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Are you living in the wrong century?

April 16, 2011

I’m struck by how the human ideal of beauty and fashion is always changing. 
Just when you get the nerve to stuff  yourself into the style of the day, the “in crowd” is off and running in a different direction, even more outrageous than the last.
And hair.  Don’t get me started.  I’ve been wearing the same hairstyle for 50 years.  The old helmet-like beehive which I favored, went out of style back in the 60s when some hapless fashion plate discovered a family of bees had built a hive in her coiffure.  It was probably only an urban legend, but it was enough to steer most gals away from shellacked dos designed to last for a month.
Remember those Renaissance beauties of the fifteenth century who looked like they just polished off 16 milkshakes? I bet they jumped on the scales and whooped for joy when they added an extra pound.  Chubbiness was a sign of affluence, and I would have been in the royal court.
Paintings from the Renaissance period often focused on women who would today be considered prime candidates for Weight Watchers or, at least liposuction.  Yet, their ample figures and forms were considered the height of sexiness.  (The song “Born too Late” begins to drift through my mind.)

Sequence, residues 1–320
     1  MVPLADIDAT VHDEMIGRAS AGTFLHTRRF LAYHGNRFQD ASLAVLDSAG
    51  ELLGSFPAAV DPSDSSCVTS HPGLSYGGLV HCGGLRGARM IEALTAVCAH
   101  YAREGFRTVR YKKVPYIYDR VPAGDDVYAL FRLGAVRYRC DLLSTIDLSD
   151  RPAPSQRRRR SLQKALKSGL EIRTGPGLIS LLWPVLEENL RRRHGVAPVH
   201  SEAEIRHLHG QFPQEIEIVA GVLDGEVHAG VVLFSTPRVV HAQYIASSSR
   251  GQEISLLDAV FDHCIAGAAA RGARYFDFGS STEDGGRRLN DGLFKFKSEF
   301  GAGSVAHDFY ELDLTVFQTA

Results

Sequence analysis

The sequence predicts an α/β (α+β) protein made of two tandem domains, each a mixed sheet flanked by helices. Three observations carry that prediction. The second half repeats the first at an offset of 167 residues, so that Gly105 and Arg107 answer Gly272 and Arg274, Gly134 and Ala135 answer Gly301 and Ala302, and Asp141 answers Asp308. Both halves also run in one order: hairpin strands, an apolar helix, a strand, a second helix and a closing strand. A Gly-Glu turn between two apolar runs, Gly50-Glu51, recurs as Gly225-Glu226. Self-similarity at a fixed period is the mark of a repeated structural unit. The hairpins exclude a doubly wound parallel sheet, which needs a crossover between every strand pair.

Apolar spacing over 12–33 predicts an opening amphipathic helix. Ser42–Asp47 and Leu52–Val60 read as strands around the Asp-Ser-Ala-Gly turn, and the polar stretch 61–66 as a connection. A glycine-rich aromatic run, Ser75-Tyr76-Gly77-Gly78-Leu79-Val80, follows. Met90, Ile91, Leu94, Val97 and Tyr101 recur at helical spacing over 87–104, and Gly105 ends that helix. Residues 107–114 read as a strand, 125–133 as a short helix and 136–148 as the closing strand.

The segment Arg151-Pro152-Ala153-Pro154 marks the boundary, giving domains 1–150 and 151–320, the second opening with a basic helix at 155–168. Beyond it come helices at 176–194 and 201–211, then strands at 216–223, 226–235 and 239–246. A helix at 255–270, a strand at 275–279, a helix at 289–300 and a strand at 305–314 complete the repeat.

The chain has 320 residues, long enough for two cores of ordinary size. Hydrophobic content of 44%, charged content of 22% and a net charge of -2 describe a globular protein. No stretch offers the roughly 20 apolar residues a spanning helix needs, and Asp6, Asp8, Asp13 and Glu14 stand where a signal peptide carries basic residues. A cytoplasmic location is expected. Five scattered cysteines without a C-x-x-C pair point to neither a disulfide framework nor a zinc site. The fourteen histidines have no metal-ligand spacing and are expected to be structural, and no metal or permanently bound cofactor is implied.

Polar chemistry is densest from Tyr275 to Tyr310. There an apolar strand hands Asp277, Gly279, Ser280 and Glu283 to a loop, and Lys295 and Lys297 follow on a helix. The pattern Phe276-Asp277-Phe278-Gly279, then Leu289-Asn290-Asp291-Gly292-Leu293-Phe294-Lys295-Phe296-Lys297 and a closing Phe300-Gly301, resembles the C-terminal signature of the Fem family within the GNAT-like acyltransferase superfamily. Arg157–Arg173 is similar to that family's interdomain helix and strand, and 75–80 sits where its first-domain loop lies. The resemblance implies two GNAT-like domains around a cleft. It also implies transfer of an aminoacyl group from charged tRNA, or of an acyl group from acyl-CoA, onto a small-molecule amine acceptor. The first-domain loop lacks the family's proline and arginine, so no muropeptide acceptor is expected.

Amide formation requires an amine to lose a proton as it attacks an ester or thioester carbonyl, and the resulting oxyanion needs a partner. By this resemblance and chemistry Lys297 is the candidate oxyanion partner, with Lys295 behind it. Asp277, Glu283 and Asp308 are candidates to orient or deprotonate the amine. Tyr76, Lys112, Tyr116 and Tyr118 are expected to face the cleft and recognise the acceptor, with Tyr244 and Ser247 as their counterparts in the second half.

Now comes the shocking news that Cleopatra always regretted that she didn’t have varicose veins.  Well, double darn!  Now I know I’m caught in a time warp.
When you think about it, is there all that much difference in varicose veins and those colorful tattoos you see on the hip young generation today?  Folks with varicose veins are at a distinct advantage, since our “leg art” doesn’t cost us a cent, nor require hours agonizing at the point of a painful needle. Score one for the Boomers.
I will say that cosmetics have come a long way.  The Renaissance woman was likely to wear creams and powders laced with lead and mercury.  That might explain the abbreviated life expectancy in those days.  
I’m told that the ancient Egyptians often used crocodile excrement and mud baths in the belief that they would firm and tone the skin. Facial masks, made from ant eggs and face paints, were sometimes used to unclog pores and even out the overall skin tone.
Oh well, modern people tend to underestimate their own personal beauty because they are trying to reach the modern ideal. I’m just hoping we turn away from waif-like profiles and get back to that nifty 15th century look.  I have box of Reece’s Peanut Butter cups in the freezer, waiting for the end of Lent.
 
Emily Jones is a retired journalist who edits a website for bouncing baby boomers facing retirement.  She welcomes comments at www.deludeddiva.com.

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